Some observers of al Qaeda believe the global terrorist organization is on the move, transferring its operations, including its headquarters, from the Afghan-Pakistan border area to Iraq after a falling out with the Taliban.
Indications of this came with the CIA’s announcement at the end of March that it had in its custody Abdul Hadi al-Iraqi, a top al-Qaeda operative, since late last year. Al-Iraqi was captured after he had moved out of Pakistan’s rugged and nearly inaccessible Waziristan tribal area and was apparently making his way to Iraq.
According to Pakistani writer Syed Saleem Shahzad, the falling out between the Taliban and al-Qaeda occurred over a deal the former made with the Pakistani government. In the accord, Pakistan will allow the Taliban unhindered use of its territory to funnel men and supplies into the conflict in Afghanistan. What Pakistan receives in turn is a presence again in Afghanistan via the Taliban against the India-friendly Kabul government as well as a disruption of relations between the Taliban and the anti-Islamabad al-Qaeda.
After five years fighting the US-led NATO troops in Afghanistan, the Taliban, Shahzad notes, realized it was not going to win unless it got the support of a state behind it. The military alliance with al-Qaeda against NATO had reached its limit, hence the accord with Pakistan, which the Taliban now calls “a Muslim state with a Muslim army.” Moreover, it is in the war in Afghanistan that the Taliban wants to invest its energy and resources and not against Pakistan.
However, in its unrelenting mission to set up a worldwide imamate, Al-Qaeda wants to topple all the current governments in Muslim countries, since the terrorist organization regards them as not truly Islamic. As a result, it does not look favorably upon anyone who treats with them, especially with the Pakistani government.
Al-Qaeda has special reason to dislike the government in Islambad. Since 9/11, it has handed over 700 Arab fighters to the United States. In 2003, the Pakistani army was also sent, for the first time in its history, according to another Pakistani observer, into Waziristan where it destroyed al-Qaeda training camps. As a result, in a 2003 broadcast by the Arab news channel al-Jazeera, al-Qaeda threatened Pakistan’s President Pervez Musharraf, saying “Muslims in Pakistan should unite to oust ‘this traitor’…”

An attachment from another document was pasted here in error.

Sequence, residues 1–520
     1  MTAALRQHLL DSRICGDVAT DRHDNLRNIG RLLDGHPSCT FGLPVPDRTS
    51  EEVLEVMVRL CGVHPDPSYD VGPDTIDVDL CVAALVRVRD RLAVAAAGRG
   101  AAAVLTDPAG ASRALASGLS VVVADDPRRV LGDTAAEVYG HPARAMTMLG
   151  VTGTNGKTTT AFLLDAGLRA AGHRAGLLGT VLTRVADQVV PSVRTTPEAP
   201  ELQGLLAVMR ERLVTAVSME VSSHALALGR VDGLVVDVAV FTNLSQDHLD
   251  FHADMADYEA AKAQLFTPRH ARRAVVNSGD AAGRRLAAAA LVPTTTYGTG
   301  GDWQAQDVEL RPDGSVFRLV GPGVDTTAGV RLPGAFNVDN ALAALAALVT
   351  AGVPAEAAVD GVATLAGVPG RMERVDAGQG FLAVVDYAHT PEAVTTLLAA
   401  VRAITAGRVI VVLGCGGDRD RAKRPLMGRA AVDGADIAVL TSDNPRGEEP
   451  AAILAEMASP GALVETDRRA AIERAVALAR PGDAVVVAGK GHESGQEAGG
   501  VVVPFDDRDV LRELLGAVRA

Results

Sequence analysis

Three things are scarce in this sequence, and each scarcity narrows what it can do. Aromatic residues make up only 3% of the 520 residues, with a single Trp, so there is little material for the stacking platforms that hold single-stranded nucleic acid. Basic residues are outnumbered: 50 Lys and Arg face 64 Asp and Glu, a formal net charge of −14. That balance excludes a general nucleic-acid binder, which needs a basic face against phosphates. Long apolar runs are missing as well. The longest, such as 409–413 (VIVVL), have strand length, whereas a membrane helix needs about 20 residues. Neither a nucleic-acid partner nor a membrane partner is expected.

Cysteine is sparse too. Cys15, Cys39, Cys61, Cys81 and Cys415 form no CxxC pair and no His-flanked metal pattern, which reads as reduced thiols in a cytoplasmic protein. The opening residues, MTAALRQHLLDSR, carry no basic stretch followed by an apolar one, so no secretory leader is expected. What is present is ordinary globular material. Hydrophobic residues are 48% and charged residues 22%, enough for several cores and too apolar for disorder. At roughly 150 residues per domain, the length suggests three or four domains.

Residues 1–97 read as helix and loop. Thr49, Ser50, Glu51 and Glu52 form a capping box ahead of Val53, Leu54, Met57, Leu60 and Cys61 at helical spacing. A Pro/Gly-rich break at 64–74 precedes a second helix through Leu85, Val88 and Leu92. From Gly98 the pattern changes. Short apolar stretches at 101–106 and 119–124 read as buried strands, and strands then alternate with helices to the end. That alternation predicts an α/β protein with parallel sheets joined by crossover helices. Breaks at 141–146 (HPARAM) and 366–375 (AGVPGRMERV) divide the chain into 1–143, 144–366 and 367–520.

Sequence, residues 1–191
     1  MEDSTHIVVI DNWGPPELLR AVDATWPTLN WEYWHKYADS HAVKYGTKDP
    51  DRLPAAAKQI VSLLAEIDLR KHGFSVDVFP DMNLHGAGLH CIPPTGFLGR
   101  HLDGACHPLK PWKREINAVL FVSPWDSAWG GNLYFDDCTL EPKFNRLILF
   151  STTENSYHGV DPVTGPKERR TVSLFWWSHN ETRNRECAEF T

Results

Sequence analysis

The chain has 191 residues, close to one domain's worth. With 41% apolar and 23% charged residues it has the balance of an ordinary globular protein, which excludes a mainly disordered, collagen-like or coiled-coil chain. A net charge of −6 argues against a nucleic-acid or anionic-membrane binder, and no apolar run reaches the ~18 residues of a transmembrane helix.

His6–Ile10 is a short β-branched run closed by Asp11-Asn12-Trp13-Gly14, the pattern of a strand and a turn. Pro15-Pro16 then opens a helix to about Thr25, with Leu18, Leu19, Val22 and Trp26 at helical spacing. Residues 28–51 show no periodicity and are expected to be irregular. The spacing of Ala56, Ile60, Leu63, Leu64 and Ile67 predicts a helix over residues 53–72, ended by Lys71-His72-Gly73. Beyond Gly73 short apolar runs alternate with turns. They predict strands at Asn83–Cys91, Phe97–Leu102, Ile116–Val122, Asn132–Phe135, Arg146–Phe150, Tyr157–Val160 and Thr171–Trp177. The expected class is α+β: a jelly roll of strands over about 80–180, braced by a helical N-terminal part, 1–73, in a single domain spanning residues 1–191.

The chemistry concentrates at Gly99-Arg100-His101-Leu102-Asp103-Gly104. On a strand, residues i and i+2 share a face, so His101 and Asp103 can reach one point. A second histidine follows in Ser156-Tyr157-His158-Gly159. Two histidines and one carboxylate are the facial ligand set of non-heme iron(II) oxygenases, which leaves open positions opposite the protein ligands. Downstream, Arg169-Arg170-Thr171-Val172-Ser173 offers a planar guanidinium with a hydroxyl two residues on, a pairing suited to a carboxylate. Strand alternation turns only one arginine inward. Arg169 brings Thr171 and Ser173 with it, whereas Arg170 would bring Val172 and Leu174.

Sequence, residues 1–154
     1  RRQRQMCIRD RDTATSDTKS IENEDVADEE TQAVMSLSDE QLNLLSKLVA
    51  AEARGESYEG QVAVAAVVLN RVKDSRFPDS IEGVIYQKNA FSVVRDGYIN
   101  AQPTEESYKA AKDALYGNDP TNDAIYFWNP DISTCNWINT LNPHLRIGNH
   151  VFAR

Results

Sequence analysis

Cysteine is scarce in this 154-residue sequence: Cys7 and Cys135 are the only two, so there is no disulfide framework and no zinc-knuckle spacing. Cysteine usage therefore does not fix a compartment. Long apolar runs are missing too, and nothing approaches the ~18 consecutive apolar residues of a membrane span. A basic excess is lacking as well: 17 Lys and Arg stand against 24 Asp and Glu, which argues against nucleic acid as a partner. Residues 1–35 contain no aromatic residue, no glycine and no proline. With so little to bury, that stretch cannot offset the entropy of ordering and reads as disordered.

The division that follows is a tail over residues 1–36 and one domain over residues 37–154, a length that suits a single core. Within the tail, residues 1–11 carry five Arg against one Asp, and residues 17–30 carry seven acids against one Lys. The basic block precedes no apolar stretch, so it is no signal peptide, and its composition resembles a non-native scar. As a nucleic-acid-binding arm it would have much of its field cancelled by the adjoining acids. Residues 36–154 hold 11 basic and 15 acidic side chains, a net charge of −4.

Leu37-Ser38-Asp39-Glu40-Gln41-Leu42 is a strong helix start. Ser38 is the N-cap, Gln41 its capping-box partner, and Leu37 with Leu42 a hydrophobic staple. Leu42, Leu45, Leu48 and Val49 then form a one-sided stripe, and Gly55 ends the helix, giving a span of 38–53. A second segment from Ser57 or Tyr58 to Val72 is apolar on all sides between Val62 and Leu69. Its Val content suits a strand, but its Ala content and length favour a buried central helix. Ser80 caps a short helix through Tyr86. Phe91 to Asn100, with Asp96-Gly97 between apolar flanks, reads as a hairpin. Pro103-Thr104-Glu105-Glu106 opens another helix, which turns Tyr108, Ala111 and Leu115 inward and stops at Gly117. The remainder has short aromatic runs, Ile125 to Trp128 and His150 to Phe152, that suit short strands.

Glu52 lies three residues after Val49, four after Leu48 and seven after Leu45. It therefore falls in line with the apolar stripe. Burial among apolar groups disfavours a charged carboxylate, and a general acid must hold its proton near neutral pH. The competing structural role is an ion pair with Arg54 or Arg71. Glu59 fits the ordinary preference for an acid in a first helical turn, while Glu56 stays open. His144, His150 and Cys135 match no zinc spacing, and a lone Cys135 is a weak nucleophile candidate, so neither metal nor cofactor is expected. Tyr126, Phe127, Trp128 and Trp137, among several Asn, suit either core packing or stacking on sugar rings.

This threat, Shahzad noted, “rattled” the Pakistani intelligence service, since it regarded the al-Jazeera broadcast as a call to Pakistanis to rise up against the Musharraf government. It was also about this time that al-Iraqi was sent to several Pakistani cities to arrange for terrorist strikes against government targets, which, it is believed, also involved assassination attempts against Musharraf himself. As a result, Shahzad says it was probably Pakistani intelligence that tipped off American intelligence as to Abdul Hadi al-Iraqi’s move to Iraq that resulted in his apprehension and current unwilling stay in Guantananmo Bay.
In leaving Pakistan, al-Qaeda will lose Waziristan’s protective terrain where, as one Pakistani writer put it, “large groups of al-Qaeda and Tailiban could move in and out without detection” and bin Laden “…could swim like a fish in the ocean”, hence helping him greatly to avoid capture so far. It will also bring the extremist Muslim terrorist organization into conflict with other Sunni Muslim groups in Iraq who do not want it there, as some believe has already happened.
But a move of operations to Iraq will also provide al-Qaeda with some distinct advantages. Intelligence analyst Michael Scheuer, in an interview with National Interest Online, says al-Qaeda has, since the American invasion, always viewed Iraq as an opportunity to push its operations one thousand kilometers westward. Al-Qaeda, Scheuer said, sees Iraq “…as contiguous territory from which to launch attacks and infiltration to the Arabian Peninsula, into Turkey and into the Levant, and eventually into Lebanon and Israel.” Scheuer notes that bin Laden has always said he could not attack Israel because he did not have contiguous territory.
In addition to the areas Scheuer mentions, in Iraq al Qaeda will also be better positioned to organize attacks in Europe and in North African countries as well as to acquire new recruits. One of al-Qaeda’s goals, observers say, is to disrupt European alliances with the United States in the War on Terror. Bin Laden hopes to do so with more terrorist strikes against European countries, causing them to abandon the fight like Spain did in Iraq after the Madrid commuter train bombings.
However, with a more exposed al-Qaeda’s headquarters in Iraq, Abdul Hadi al-Iraqi should expect company in Guantanamo, as more its top-level cadre should fall into American hands.
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